1. Ludlow M et al (2015) Pathological consequences of systemic measles virus infection. J Pathol 235(2):253–265

    CAS  Article  PubMed  Google Scholar 

  2. Griffin DE (2013) Measles, in Fields Virology. Wolters Kluwer/Lippincott, Williams & Wilkins, Philadelphia, pp 1042–1069

    Google Scholar 

  3. Mina MJ et al (2015) Long-term measles-induced immunomodulation increases overall childhood infectious disease mortality. Science 348(6235):694–699

    CAS  Article  PubMed  PubMed Central  Google Scholar 

  4. de Vries RD et al (2012) Measles immune suppression: lessons from the macaque model. PLoS Pathog 8(8):e1002885

    Article  PubMed  PubMed Central  Google Scholar 

  5. Strebel P et al (2013) Measles vaccine. In: Plotkin S, Orenstein WA, Offit P (eds) Vaccines, 6th edn. Elsevier, Amsterdam, pp 352–387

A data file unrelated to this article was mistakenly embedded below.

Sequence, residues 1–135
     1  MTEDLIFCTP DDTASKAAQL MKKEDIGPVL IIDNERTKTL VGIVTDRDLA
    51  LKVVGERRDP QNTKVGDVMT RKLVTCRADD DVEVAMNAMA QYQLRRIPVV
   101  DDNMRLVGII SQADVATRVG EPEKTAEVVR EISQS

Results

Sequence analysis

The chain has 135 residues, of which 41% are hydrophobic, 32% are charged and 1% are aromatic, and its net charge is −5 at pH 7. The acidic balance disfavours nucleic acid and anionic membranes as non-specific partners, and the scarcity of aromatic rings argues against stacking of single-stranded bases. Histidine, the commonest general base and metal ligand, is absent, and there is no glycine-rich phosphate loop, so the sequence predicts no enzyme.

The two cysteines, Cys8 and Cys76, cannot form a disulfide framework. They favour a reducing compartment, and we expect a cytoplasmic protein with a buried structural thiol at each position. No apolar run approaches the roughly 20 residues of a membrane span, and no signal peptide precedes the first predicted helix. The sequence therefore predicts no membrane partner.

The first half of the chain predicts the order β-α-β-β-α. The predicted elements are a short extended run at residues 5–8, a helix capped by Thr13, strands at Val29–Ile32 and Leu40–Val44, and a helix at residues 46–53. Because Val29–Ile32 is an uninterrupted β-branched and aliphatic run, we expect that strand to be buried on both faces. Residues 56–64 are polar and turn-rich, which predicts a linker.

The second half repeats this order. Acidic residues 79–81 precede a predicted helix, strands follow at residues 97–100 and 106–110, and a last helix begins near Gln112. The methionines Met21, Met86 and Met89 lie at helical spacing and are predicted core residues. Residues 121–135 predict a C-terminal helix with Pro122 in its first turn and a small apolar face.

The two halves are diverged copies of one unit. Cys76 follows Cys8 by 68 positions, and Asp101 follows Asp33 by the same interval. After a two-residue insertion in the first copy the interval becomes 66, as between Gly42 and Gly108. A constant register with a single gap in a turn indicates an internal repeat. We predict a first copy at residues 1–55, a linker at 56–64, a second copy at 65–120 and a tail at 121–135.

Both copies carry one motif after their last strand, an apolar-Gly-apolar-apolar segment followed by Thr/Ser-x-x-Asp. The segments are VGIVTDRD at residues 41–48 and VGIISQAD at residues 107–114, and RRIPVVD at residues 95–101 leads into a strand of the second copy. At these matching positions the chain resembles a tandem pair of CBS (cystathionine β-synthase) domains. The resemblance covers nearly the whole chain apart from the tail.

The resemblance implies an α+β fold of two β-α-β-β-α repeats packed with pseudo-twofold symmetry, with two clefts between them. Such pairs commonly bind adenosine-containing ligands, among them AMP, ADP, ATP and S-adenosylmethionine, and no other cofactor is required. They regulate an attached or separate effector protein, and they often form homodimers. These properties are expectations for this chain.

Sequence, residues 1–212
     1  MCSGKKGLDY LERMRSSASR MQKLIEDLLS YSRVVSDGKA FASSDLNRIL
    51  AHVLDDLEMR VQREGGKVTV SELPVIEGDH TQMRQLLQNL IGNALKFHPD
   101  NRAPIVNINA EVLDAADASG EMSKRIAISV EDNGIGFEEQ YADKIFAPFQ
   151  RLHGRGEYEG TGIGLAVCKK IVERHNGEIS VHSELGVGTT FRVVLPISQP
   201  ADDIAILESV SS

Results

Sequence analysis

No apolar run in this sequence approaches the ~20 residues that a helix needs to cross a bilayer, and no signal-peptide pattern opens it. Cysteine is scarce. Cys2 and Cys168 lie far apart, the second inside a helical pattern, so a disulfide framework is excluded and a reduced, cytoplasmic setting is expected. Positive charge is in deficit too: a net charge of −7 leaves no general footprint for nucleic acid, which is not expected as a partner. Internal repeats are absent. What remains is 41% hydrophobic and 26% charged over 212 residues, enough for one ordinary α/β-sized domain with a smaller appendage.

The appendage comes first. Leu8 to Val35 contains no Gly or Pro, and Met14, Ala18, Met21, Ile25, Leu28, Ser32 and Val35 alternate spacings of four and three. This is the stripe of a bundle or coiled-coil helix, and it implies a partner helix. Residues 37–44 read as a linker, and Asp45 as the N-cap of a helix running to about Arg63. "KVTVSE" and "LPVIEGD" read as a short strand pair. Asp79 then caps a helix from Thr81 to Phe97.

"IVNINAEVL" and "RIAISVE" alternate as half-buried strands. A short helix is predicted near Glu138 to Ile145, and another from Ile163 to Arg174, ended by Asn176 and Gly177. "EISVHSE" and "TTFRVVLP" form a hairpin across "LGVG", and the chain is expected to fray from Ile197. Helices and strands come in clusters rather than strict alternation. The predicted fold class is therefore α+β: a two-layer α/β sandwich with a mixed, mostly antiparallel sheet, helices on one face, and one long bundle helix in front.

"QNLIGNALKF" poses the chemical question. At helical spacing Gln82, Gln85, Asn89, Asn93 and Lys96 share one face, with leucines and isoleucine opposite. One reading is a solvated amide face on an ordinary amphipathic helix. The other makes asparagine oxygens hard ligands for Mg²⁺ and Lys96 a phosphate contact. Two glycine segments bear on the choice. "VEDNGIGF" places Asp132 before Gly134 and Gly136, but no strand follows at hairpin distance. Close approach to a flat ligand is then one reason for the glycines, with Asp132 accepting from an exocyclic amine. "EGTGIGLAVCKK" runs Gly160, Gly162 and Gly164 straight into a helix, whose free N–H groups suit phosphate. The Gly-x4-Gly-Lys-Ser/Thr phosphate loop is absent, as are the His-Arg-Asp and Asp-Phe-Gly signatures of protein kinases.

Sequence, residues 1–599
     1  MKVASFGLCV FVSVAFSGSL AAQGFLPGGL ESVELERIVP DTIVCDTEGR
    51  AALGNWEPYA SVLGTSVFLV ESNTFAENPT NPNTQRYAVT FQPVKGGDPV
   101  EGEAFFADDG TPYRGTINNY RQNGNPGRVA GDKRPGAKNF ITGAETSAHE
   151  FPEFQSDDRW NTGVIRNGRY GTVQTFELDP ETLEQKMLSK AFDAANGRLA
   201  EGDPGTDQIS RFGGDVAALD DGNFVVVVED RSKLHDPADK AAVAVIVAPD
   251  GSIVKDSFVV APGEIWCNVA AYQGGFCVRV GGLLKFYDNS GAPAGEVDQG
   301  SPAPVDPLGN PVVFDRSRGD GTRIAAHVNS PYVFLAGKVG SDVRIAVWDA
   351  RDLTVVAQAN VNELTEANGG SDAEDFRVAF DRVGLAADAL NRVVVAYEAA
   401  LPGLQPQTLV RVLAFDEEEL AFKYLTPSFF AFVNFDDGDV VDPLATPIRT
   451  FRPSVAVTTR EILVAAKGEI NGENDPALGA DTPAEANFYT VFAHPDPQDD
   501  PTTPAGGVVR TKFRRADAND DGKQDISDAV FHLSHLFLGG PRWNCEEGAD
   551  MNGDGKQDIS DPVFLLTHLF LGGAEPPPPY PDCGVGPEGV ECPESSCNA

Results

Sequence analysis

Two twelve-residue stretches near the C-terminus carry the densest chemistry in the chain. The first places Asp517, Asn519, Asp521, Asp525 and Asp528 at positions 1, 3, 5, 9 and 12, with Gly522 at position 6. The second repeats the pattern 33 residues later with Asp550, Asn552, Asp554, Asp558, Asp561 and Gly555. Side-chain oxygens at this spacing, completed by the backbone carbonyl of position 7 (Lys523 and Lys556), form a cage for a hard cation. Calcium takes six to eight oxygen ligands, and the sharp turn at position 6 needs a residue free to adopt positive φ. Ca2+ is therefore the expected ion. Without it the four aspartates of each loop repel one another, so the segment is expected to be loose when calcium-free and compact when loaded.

Google Scholar 

  6. Moulin E et al (2011) Molecular characterization of measles virus strains causing subacute sclerosing panencephalitis in France in 1977 and 2007. J Med Virol 83(9):1614–1623

    CAS  Article  PubMed  Google Scholar 

  7. Reuter D, Schneider-Schaulies J (2010) Measles virus infection of the CNS: human disease, animal models, and approaches to therapy. Med Microbiol Immunol 199(3):261–271

    CAS  Article  PubMed  Google Scholar 

  8. Schonberger K et al (2013) Epidemiology of subacute sclerosing panencephalitis (SSPE) in Germany from 2003 to 2009: a risk estimation. PLoS ONE 8(7):e68909

    Article  PubMed  PubMed Central  Google Scholar 

  9. Roberts L (2015) Is measles next? Science 348(6238):958–961, 963